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Huckabee's Surge Has a Sting

By Clarence Page

His name sounds like a chain of family restaurants.

His smile is big and deep-dimpled like the Campbell Soup kids'.

When Mike Huckabee smiles at you, you feel like smiling back.

But not always. The former Arkansas governor's recent surge in Iowa polls has wiped the smile from his fellow Republican presidential candidates' lips.

In a month he surged from the second tier to nose into a statistical tie for first place in this week's Des Moines Register poll. Of the likely caucus goers surveyed, Huckabee scored 29 percent, former Massachusetts Gov. Mitt Romney 24 percent and former New York Mayor Rudy Giuliani 13 percent.

That's got to be a jolt to Romney. He has been a frontrunner for weeks in Iowa, where he has spent more than $7 million. Huckabee has only spent about $300,000.

In terms of campaign finance, that's a great David vs. Goliath story. It warms the heart to see that a small-state governor can still rise up like Democratic Gov. Jimmy Carter of Georgia did in 1976 to beat the big-name, big-money candidates from bigger states.

Like Carter, Huckabee appears to have found his votes or, more accurately, his votes have found him. After months of failing to be excited very much by the rest of the Republican field, conservative evangelicals are gravitating to Huckabee, an ordained Baptist minister.

For those who have not made up their minds by now, policies and issues often play a less important role than the visceral good-feelings factors: Who's more "likeable"? To whom can I "relate" more easily? With whom would I prefer to sit on a long train ride? Or as the satirical Onion recently asked in a lampoon of such judgments, who is "the candidate Americans would most like to get in a bar fight with?"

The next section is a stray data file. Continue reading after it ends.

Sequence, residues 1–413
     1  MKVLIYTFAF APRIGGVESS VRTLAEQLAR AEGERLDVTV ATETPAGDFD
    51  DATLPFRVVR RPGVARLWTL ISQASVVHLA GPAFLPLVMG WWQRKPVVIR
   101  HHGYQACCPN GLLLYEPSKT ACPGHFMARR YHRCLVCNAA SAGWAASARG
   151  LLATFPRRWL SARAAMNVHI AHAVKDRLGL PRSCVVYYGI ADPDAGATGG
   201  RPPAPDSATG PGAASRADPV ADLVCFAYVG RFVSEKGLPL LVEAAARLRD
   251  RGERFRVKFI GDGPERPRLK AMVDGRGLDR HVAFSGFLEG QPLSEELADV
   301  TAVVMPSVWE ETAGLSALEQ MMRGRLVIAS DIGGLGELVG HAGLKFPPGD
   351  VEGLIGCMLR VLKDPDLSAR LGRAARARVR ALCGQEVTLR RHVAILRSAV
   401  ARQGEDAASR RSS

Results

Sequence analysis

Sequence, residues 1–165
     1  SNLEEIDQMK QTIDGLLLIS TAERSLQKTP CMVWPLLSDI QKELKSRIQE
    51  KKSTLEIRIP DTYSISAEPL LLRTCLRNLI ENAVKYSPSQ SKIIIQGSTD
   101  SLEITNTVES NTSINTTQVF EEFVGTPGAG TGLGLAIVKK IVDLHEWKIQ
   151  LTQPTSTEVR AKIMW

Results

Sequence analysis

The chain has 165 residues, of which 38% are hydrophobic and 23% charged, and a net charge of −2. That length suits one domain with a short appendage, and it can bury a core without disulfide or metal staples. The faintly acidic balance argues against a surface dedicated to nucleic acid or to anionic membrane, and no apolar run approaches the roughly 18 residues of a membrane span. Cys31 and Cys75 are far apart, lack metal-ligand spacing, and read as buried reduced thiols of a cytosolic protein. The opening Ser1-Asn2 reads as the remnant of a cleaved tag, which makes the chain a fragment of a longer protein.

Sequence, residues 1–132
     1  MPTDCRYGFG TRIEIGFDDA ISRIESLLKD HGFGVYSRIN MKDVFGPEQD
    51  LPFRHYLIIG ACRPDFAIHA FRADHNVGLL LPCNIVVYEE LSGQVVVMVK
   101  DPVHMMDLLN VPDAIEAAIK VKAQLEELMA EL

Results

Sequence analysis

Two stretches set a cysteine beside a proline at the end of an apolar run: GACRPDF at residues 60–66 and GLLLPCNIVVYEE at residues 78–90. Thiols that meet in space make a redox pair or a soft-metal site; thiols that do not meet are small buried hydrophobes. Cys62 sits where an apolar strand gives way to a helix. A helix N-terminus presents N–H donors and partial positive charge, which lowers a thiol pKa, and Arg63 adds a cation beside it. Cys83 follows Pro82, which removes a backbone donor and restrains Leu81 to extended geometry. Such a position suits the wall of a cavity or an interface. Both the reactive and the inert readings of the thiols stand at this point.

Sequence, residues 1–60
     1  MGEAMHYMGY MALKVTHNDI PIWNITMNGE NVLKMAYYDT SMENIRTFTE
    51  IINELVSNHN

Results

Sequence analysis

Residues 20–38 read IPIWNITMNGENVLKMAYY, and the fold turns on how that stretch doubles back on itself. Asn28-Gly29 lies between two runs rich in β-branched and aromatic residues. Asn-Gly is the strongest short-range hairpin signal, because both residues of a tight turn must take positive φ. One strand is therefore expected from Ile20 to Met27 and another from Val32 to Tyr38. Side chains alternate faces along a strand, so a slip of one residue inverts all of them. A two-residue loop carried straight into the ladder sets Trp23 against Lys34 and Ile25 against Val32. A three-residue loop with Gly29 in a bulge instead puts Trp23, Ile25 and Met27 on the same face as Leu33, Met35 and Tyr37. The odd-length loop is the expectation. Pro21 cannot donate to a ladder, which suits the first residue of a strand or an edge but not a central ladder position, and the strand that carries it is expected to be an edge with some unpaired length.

Huckabee's the kind of guy that a lot of people would like to go to prayer meetings with. Conservative evangelicals have played a critical role in Republican successes in recent years, especially for President Bush, who proudly put himself forward in 2000 as one of their own.

To his credit, Mike Huckabee has elevated the debate. I don't agree with his antiabortion stance, but I appreciate the concern he has shown not just for the unborn but also for people who are in financial, emotional and familial distress after they are born.

As a minister and politician, he's worked with poor and working-class families, not as a speechwriter's abstraction but as real folks with real needs.

He's thrown down a gauntlet against the budget slashers who want to cut services to the poor as a first resort, instead of their last.

He also stood up as a courageous voice of reason amid an anti-immigrant feeding frenzy during the latest GOP debate. We should not punish the children of illegal immigrants, he correctly argued, for something that their parents did.

Unfortunately, at least part of Huckabee's support appears to be coming his way for a very troubling reason: Religious bias.

Romney, as everyone must know by now, is a Mormon. For months, polls have shown Romney's religion to be a bigger handicap for him with voters than Hillary Clinton's gender or Barack Obama's biracial background. I attribute that sad development to widespread ignorance about the Church of Jesus Christ of Latter-day Saints, the formal name of the Mormon Church.

Some other Christians regard the Mormons as heretics, just as a lot of Sunnis regard Shiites, and vice versa. I have heard respectable Christian ministers declare on national television that Mormonism is "not a religion" but a "cult." That erroneous put-down reminds me of the author Tom Wolfe's observation: A "cult" is a religion that lacks political clout.

That's long been the story of ethnic and religious prejudice. We can be frightened about that which we don't know much about. Sen. John F. Kennedy used a speech to help himself get through a similar wall of ignorance about Catholics in 1960. Romney is trying to deal with ignorance about Mormons in a similar fashion, including a major speech this Thursday (December 6), without letting religion become the focus of his campaign.

We don't need to see any more sectarian divisions in American politics. We've seen too much ugliness from race cards, religion cards, ethnicity cards and gender cards already.

In these times of political and religious polarization, we Americans need to hear a serious voice of moral courage, and Mike Huckabee is imminently equipped to deliver it. In beating back the demon of religious prejudice, Huckabee should give Romney some help, not for the sake of either of their campaigns, but for the good of our country.

Page is a Pulitzer Prize-winning syndicated columnist specializing in urban issues. He is based in Washington, D.C. E-mail:

(c) Tribune Media Services, Inc.

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